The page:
Finance Minister Grant Robertson says the Government remains committed to implementing an income insurance scheme by mid-2025.
Meanwhile, Minister for Social Development and Employment Carmel Sepuloni says the scheme is “very high” on her priority list.
Their assurances come as Prime Minister Jacinda Ardern has instructed ministers to relook at their priorities for 2023.
The Government is coming up against the same cost and capacity pressures hamstringing the private sector, as it tries to complete a range of reforms and commitments before next year’s election.
Establishing a $3.5 billion a year income insurance scheme by the 2024/25 fiscal year is one of its more significant undertakings.
The aim of the scheme is to create a safety net to catch those who lose their jobs due to illness or redundancy before they fall into the regular welfare system (if they qualify).
The scheme would make it compulsory for all employees to pay premiums worth 1.39 per cent of their wages/salaries into the ACC-run insurance scheme. Their contributions would be matched by their employers.
If someone lost their job, the scheme would pay out 80 per cent of their previous income for up to six months.
Levies would be capped for employees (and their employers) who earn more than $130,911 a year. Payouts would be limited accordingly. Terms and conditions would apply.
When quizzed about the future of the proposal in a post-Cabinet press conference on Monday, Ardern wouldn’t be drawn on whether it was on the chopping block.
She said people shouldn’t read anything into her response, clarifying she wasn’t going to play the “rule in/rule out” game when it came to which initiatives were staying and which were going.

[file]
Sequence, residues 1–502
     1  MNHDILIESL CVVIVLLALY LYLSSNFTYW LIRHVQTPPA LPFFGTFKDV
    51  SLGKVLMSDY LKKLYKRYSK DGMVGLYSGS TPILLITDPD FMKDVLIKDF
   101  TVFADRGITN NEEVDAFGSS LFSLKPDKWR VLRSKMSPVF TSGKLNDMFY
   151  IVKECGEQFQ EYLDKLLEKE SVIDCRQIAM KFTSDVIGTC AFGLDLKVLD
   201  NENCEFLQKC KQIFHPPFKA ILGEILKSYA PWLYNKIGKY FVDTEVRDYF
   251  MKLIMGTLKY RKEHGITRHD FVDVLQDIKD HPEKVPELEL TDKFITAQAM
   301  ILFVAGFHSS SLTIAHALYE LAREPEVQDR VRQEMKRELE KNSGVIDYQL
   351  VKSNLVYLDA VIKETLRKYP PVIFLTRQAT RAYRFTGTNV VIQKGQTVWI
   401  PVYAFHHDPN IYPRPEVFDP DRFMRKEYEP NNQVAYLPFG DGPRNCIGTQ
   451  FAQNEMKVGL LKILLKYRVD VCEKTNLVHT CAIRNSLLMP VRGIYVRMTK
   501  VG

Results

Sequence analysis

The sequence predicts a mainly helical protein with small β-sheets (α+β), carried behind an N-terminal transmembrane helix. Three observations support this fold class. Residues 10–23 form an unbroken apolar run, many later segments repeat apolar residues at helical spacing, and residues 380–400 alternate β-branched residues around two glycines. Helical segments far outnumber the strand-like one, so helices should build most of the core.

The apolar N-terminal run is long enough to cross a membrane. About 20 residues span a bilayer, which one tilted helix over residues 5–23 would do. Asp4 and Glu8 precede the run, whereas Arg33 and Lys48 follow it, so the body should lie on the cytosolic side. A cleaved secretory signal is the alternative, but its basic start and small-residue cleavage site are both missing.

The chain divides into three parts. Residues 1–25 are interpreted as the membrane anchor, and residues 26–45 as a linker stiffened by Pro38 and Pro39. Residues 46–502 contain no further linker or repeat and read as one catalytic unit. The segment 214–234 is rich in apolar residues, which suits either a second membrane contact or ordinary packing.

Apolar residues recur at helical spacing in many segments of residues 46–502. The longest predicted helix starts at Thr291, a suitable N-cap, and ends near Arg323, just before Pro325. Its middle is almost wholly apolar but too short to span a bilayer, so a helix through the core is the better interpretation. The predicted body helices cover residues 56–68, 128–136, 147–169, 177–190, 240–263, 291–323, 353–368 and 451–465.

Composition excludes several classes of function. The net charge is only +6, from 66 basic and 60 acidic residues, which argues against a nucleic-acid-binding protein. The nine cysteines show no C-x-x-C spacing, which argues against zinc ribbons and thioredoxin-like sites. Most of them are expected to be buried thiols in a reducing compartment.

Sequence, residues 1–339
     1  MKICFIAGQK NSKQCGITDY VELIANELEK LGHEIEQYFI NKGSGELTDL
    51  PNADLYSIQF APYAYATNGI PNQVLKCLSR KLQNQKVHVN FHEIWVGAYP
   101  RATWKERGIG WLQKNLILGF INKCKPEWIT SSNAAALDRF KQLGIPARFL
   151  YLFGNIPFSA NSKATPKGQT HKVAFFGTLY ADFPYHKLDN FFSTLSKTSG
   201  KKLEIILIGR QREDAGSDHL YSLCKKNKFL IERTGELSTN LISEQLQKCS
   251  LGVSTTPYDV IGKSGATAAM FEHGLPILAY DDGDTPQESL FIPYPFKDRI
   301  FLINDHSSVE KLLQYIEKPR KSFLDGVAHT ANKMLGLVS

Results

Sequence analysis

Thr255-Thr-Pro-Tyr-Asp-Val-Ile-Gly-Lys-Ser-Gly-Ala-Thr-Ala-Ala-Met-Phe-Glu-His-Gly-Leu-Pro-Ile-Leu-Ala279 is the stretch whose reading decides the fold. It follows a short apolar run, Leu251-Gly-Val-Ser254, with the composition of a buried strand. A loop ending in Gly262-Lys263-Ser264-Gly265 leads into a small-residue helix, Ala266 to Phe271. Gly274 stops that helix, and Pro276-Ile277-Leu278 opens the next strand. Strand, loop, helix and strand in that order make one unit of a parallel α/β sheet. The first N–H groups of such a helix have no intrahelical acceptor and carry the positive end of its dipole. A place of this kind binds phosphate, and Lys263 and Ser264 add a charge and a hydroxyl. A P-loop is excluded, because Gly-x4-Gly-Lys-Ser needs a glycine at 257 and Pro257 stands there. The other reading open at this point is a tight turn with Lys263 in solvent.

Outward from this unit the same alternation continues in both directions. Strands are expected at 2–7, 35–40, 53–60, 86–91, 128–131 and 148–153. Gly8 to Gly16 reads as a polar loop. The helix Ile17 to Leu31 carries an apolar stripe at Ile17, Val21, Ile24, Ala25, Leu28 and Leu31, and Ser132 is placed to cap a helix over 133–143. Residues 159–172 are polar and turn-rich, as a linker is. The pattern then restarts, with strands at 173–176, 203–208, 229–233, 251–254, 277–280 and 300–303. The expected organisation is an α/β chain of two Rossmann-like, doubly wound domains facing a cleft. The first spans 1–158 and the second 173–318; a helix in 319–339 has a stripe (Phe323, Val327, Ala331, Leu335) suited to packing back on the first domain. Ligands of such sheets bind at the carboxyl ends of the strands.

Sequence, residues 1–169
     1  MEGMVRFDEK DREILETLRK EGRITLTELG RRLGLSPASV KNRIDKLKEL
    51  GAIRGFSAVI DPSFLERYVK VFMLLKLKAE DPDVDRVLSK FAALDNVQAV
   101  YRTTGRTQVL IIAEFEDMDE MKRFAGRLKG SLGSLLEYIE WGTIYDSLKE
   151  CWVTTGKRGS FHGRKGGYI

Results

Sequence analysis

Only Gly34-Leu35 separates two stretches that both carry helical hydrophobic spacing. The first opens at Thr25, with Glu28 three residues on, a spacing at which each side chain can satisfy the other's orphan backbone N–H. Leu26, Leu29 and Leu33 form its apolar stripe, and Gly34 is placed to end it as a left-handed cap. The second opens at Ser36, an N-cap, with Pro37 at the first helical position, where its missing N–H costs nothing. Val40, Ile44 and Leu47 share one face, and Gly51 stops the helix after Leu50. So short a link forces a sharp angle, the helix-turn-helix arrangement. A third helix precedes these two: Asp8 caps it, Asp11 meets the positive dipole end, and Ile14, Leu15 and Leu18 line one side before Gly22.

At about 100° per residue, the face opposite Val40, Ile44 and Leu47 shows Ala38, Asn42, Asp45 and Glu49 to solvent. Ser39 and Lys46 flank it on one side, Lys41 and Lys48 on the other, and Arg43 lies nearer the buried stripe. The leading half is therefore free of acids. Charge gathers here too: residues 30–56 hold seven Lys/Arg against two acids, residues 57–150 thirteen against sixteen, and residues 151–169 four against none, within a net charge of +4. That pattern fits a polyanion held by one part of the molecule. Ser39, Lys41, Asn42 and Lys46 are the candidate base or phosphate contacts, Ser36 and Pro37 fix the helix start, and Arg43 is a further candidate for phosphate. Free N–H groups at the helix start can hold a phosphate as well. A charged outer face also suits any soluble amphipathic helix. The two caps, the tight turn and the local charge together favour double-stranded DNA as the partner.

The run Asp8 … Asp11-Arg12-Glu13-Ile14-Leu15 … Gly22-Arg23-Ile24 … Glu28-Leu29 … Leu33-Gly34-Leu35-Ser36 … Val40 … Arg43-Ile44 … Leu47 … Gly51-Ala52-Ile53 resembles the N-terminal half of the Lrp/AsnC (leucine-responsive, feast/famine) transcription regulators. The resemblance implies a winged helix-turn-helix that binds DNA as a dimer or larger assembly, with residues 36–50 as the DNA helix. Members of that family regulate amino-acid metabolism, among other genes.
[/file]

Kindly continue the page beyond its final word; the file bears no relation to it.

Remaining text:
Similarly, Robertson deflected questions from National Finance spokesperson Nicola Willis in the House on Tuesday about whether either income insurance or the TVNZ/RNZ merger would be canned.
But when the Herald earlier on Tuesday asked Robertson about the future of income insurance, he said his intention was still to have it up and running by the 2024/25 fiscal year.
Asked when the Government would put a refined policy proposal on the table, he said, “Cabinet is just working through the final details of that, and then we’ll be talking to our social partners…
“It’s taken a little bit longer than we’d hoped, but early next year [is when the Government will have an update].”
The “social partners” Robertson was referring to were the Council of Trade Unions (CTU) and BusinessNZ, which worked with the Government to design an initial proposal released for public consultation between February and April this year.
However, speaking to the Herald, neither lobby group was clear on what their involvement would be next year.
CTU chief economist Craig Renney assumed the CTU would have “very little” to do with refining the design of the scheme.
Rather, he suspected the CTU would be a regular “consultee” alongside other interest groups.
BusinessNZ chief executive Kirk Hope hoped the Government would engage the organisation before publicly releasing a refined policy proposal.
BusinessNZ opposes a fundamental part of the proposed scheme – the fact it would cover those who lose their jobs due to illness, not just redundancy.
The organisation would also like to see costs introduced by the scheme offset by tax cuts.
Hope concluded, there was a “fair amount of water to go under the bridge”.
Renney was adamant an income insurance scheme was needed now more than ever.
He feared many of the thousands of people expected to lose their jobs as the Reserve Bank orchestrates a recession to curb inflation wouldn’t qualify for welfare. The Government factors in what one’s partner earns when assessing eligibility for Jobseeker Support.
Coming back to Sepuloni, she said, “I think it’s a very important scheme and offering for New Zealanders and would provide a level of protection that currently is not in place. Certainly, after going through a pandemic, you can see why that might be necessary...
“We’re not stopping the mahi [work].”